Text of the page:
9. I’m sorry if I don’t reply! I’m a bit useless at replying to messages on a good day, but on a bad day, it can be impossible. I appreciate people contacting me and it brightens my day so much, but sometimes I’m just focusing on not throwing up on myself… so I might be a little delayed in replying to you!
  10. My illness is pretty invisible! Sometimes I might look fine, but inside I’m really feeling unwell or my mental health is difficult. Please don’t judge me by my outside appearance. Plus… makeup is a mighty fine cover up!!
  11. Let’s alter our plans so we can still meet up! Sometimes, I might still be able to see you if we can change our plans. Coming over to mine is often much easier for me. It means I don’t have to worry about driving and if I suddenly feel unwell, I’m in my own home and it’s easier to manage compared to being out and about. If I’m not well, a crochet and coffee date can be a lot easier than meeting somewhere or walking for a long time. I get really fatigued when I’m poorly and sometimes I can manage going out for the day, but it wipes me out for a few days afterwards. So, talk to me and see if we can arrange something smaller and easier, so I can still have hugs and company!

It’s now 4.45am. I’m still fairly awake, but my insides are starting to settle a little. I’m fairly sure my bloodstream must be about 50% antiemetics by now. Hopefully I’ll get another hour or so asleep before I start it all again tomorrow. It’s hard being ill. I’m sorry for being unreliable. I’m sorry I’m not better by now too. I’m sorry I don’t look ill enough… but most of all, I’m sorry I have to be sorry all of the time. I’ve not asked for this and I would give it away in a heartbeat. I’m not asking for pity or sympathy. I just hope reading this helps with some understanding that I’m being crap for a reason, and I am trying my hardest not to be.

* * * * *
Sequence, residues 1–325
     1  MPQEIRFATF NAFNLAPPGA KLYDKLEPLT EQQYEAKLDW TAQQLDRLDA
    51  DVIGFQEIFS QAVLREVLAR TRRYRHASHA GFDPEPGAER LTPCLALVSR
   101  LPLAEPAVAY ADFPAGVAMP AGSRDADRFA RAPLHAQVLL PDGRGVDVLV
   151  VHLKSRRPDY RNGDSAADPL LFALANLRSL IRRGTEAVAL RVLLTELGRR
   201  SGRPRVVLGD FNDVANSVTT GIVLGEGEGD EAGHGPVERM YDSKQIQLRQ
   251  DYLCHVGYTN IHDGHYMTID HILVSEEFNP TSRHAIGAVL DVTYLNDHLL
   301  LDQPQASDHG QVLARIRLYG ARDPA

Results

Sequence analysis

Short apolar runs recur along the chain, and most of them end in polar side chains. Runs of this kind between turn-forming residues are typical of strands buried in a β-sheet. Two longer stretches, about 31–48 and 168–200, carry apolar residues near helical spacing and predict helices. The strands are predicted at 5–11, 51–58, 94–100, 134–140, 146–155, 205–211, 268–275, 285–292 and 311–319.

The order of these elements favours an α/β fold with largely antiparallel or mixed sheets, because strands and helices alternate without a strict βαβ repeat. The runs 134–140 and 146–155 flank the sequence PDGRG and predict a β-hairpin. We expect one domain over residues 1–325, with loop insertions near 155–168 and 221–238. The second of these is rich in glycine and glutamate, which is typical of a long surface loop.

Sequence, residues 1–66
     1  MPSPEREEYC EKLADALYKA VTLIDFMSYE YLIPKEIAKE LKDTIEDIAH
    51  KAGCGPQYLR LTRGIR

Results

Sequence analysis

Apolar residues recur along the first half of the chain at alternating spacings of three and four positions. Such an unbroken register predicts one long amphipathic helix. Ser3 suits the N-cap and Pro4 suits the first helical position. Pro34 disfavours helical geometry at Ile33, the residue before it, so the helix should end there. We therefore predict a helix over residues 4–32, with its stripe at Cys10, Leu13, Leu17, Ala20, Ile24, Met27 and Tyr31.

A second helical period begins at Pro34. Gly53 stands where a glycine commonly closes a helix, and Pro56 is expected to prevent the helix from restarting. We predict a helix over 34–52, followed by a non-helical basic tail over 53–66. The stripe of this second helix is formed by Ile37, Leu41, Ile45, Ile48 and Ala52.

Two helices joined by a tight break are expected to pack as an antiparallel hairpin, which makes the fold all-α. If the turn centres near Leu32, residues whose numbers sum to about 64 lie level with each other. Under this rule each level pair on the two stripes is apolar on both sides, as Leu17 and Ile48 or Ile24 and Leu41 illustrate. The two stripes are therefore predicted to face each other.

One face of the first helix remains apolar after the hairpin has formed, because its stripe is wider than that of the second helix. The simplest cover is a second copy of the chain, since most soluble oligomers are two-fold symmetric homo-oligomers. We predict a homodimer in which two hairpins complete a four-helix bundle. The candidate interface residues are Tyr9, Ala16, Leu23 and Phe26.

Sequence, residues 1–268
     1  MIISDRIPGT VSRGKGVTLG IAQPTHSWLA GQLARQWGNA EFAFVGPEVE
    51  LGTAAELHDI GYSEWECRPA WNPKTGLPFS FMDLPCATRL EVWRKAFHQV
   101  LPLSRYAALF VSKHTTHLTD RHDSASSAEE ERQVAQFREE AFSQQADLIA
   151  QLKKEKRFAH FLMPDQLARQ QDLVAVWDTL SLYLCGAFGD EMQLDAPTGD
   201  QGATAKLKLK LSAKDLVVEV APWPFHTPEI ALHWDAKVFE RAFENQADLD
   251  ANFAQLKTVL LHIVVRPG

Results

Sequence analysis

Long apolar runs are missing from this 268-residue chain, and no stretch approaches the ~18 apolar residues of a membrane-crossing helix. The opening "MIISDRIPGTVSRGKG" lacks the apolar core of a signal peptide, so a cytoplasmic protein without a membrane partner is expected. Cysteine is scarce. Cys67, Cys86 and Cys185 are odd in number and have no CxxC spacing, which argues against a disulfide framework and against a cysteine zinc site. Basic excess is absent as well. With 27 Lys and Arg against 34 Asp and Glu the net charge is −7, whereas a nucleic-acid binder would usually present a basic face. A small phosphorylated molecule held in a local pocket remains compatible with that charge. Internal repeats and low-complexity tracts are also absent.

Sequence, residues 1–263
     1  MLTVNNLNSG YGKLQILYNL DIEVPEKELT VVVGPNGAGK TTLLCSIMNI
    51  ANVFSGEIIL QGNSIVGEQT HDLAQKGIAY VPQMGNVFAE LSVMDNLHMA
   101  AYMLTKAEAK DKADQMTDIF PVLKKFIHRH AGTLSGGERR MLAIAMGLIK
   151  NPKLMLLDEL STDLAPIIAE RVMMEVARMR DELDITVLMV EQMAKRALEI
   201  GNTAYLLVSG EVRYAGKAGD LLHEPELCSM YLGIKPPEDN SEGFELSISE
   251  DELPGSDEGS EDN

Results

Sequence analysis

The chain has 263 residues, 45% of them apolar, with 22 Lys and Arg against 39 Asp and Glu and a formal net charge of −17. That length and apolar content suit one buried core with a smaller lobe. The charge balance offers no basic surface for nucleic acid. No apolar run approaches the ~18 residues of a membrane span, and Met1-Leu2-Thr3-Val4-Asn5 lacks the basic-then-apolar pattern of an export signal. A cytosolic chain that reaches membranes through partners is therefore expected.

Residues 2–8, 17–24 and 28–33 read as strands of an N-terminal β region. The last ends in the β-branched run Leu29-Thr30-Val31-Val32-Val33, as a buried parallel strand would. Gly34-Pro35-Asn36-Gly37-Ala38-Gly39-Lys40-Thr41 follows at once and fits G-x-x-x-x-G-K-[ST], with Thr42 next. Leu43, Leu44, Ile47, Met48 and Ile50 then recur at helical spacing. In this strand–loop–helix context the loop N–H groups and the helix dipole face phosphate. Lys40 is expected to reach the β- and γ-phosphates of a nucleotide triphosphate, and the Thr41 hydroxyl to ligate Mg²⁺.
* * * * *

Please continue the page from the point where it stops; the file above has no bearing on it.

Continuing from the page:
Shoutout to all my badass chronically sick friends, especially my Mumma, who’s the baddest badass of them all.

 

Things To Avoid Saying To People With Mental Health Problems

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Recovery from a mental health condition is a complex and difficult journey that can be a full time endeavour. It’s not a a linear process; but full of blips and struggles as well as triumph and success. Recovery can be hard enough without unhelpful (even if well meaning) comments or conversations. Here is a collection of the types of things people in recovery wish you wouldn’t say to them! This list was compiled initially thinking about recovery from an eating disorder, but a lot of the comments apply to other conditions as well.

  1. Aren’t you better now?– Recovery isn’t a simple process with a clear beginning, middle and end. Unfortunately a course of therapy doesn’t mean you’re fixed and it can often be hard to tell where a person is in their journey by just looking at them. Recovery takes time, try not to assume that because someone has been doing better for a while, it doesn’t mean they’re ‘fixed’ now.